popped, and pushes the result.  The number of fraction digits is
specified by the precision value.

Pops two values, computes the remainder of the division that the
'/' command would do, and pushes that.  The value computed is the
same as that computed by the sequence 'Sd dld/ Ld*-' .

Pops two values and exponentiates, using the first value popped as
the exponent and the second popped as the base.  The fraction part
of the exponent is ignored.  The precision value specifies the
number of fraction digits in the result.

Pops one value, computes its square root, and pushes that.  The
maximum of the precision value and the precision of the argument is
used to determine the number of fraction digits in the result.

Another thing worth noting is that the stack and the answers are not visible unless explicitly called. Therefore the most important call:

Quote from: info dc
Prints the value on the top of the stack, without altering the
stack.  A newline is printed after the value.

So first, launch it by issuing dc in the terminal. Second, type two numbers either with a space between them (and operators-commands with no space required) or in successive lines, as follows, either

Code: [Select]
3 2+p 
for "put three and two, add them, and show me the result"; or

Code: [Select]

for the same. More calls:

Quote from: info dc
Duplicates the value on the top of the stack, pushing another copy
of it.  Thus, '4d*p' computes 4 squared and prints it.

Reverses the order of (swaps) the top two values on the stack.

Pops the value off the top of the stack and uses it to set the


Code: [Select]
2k6 3/p
results in 2.00 as in "set two-decimal precision, put 6 and 3, divide them head-first and show me". And immediately after this

Code: [Select]
6 3r/p
results in .50 as in "6 and 3, divide them tail-first and show me".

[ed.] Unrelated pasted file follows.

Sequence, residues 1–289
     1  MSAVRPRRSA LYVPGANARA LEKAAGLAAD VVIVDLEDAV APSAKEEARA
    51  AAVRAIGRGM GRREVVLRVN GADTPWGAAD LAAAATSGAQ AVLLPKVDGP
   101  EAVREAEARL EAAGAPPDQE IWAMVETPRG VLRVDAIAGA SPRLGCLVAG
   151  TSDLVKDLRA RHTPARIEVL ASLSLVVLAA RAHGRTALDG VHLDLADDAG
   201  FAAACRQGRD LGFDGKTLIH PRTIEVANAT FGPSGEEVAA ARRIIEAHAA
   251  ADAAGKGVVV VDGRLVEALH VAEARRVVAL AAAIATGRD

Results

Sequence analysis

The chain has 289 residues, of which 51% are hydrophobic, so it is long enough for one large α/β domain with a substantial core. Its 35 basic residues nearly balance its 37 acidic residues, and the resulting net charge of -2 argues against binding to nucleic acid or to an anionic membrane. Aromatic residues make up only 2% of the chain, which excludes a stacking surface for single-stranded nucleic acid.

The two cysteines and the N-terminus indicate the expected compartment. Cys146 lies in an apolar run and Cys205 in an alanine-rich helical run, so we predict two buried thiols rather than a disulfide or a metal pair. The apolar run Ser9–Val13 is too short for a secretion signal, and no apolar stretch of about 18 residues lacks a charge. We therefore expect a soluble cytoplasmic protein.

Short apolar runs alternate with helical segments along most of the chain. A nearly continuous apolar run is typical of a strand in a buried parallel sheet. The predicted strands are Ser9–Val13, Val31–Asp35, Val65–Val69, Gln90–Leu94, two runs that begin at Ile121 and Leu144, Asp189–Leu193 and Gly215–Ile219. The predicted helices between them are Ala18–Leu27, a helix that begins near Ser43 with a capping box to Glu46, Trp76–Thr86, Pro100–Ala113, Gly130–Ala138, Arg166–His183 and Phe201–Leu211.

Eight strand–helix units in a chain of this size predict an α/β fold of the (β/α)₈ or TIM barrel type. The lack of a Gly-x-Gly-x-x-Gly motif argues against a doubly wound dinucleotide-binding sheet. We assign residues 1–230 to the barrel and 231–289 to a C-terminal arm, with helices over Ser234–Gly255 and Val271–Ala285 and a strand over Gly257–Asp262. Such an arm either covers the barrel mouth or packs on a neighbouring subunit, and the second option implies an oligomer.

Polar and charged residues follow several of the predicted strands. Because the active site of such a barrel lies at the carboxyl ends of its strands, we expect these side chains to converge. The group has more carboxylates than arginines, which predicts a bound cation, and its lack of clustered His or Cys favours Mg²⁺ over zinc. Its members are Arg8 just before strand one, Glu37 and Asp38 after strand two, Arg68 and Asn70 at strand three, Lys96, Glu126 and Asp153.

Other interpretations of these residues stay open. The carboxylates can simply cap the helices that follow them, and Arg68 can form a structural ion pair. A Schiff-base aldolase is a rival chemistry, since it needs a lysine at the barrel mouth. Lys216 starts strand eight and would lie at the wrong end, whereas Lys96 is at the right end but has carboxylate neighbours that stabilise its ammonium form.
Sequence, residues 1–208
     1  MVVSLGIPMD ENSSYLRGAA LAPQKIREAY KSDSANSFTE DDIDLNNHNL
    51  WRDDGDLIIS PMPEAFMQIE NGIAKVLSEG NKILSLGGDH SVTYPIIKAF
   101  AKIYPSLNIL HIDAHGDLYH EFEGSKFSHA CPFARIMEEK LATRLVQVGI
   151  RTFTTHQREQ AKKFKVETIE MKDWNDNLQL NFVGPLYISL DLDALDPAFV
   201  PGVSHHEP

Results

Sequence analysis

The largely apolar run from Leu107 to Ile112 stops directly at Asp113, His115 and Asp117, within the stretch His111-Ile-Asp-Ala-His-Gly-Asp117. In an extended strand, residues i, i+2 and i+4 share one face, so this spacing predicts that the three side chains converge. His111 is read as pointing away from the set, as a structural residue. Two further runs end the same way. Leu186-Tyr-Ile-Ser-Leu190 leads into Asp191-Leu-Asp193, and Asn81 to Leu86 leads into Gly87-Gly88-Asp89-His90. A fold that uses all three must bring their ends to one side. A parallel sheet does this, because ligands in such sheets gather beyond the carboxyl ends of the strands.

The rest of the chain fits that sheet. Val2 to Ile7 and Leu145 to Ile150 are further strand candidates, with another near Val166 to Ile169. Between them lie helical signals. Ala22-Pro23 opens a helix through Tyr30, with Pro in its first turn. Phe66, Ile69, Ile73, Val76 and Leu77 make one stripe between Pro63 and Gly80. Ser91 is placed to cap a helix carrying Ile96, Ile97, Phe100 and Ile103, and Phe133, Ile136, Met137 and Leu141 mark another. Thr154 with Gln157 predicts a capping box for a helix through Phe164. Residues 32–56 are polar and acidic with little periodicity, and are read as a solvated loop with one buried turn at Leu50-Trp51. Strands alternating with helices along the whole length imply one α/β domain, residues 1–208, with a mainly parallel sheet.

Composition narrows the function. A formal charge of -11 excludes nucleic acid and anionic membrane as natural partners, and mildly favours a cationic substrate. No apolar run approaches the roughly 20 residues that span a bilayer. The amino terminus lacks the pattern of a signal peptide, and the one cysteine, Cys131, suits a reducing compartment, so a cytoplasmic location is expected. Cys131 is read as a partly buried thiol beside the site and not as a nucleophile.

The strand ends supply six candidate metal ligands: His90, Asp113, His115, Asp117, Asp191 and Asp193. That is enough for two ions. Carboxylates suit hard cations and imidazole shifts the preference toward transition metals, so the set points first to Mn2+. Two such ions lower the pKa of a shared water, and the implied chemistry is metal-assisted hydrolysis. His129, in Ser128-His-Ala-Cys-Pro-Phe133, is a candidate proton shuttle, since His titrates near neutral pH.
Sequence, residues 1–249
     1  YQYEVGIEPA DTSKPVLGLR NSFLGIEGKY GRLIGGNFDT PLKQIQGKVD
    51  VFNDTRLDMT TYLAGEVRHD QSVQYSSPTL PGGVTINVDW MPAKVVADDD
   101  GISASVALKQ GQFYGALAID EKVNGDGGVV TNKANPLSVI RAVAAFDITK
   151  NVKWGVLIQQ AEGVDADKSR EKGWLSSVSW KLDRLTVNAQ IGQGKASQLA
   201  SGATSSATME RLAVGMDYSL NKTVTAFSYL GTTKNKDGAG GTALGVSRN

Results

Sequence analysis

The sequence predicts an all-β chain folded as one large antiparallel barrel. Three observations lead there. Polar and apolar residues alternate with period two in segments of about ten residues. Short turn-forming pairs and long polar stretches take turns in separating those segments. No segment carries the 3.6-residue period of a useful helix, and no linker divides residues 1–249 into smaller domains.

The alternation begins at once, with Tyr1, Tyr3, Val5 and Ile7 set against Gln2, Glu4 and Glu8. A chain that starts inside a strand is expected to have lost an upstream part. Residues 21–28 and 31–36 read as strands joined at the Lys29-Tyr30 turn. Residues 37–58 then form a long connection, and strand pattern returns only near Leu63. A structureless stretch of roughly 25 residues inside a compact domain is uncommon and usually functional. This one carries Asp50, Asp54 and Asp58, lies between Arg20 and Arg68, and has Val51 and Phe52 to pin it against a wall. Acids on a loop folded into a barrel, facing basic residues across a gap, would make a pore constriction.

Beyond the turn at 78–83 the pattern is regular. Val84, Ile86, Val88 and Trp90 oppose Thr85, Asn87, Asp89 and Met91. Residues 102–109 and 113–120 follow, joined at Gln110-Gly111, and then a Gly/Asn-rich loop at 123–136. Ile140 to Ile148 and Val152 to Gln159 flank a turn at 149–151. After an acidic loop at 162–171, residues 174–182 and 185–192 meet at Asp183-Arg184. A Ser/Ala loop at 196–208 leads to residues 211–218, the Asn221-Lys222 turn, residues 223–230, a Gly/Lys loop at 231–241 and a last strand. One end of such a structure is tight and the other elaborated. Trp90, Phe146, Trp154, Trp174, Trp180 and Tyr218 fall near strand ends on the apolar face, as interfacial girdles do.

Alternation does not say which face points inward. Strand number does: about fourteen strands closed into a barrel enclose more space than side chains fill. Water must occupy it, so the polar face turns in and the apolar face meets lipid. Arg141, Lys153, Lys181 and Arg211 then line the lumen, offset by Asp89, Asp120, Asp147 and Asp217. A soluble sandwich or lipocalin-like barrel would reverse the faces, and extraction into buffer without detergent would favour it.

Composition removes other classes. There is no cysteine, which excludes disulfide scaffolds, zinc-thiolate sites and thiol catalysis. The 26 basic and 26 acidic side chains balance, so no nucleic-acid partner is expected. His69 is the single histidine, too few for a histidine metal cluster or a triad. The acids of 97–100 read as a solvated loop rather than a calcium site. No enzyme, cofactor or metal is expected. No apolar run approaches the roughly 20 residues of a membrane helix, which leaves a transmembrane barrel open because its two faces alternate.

Some stack calls:

Quote from: info dc
Prints the entire contents of the stack without altering anything.
This is a good command to use if you are lost or want to figure out
what the effect of some command has been.

Clears the stack, rendering it empty.

And zp shows the depth of the stack (the number of items in the stack).

To quit, type q.

Re: Minimal Apps

Reply #78
That sounds very 1970s. ;)

Re: Minimal Apps

Reply #79
GnuCash is bloat. What if you need minimal double-entry accounting? Try BSD[1] Ledger :)

John Wiegley's Ledger program ( is intended for those who want to keep their transactions in an easy plain-text format. You just create a list of them in text files, and then run the utility to produce reports, balance sheets, budgets etc. All very cool, but entering stuff in an editor can be very tedious which is why I switched to GnuCash.

Entering accounting information in a text file can be tedious indeed, until you discover ledger-mode for Emacs, provided by the developers of Ledger itself!

- Ledger never creates or modifies your data. Your entries are kept in a text file that you maintain, and you can rest assured, no automated tool will ever change that data.
- The amount of data required by Ledger is minimal. It figures out from looking at your data what you mean by it and how you want it reported back to you. Accounts are created as they appear; currencies are created as they’re referenced. Anywhere that a value can be calculated, you can leave it out.
- Ledger is a double-entry accounting tool, meaning that all entries must balance.

A more full-featured version of Ledger is Hledger, a reimplementation of Ledger in Haskell. Hledger is largely compatible with Ledger, but not identical. Hledger works around the need for an external text editor by means of the interactive hledger add function. However, there is also a specific hledger-mode for Emacs even though ledger-mode might largely work.

hledger is a Plain Text Accounting system. Some strengths of the PTA approach:

- Runs on your local computer, keeping your financial data private and under your control
- Simple model of operation: put a log of transactions in, get reports out
- Simple, expressive, human-readable, future-proof plain text format
- Can be version controlled, eg with Git, to safeguard your data, track changes, or collaborate
- Edit with your favourite text editor, or a data entry UI, or import from other formats
- Easy to script, automate, and integrate into custom workflows
- Lightweight, fast, non-distracting to use
- Great for learning more of double-entry bookkeeping and accounting.

Besides having more features and extensions, Hledger also seems more extensively documented. However, both Ledger and Hledger are being actively maintained. Edit: I think both of them are worth trying side by side, as they seem different enough. An important difference I discovered is that Hledger apparently has difficulties understanding the file if it's written in other than English, whereas Ledger can munch through the file, calculating everything properly as long as the terminology is consistent, regardless of the language.
Edit: BSD, not GNU. I am getting ever sloppier, which means a need to take a very long vacation from work.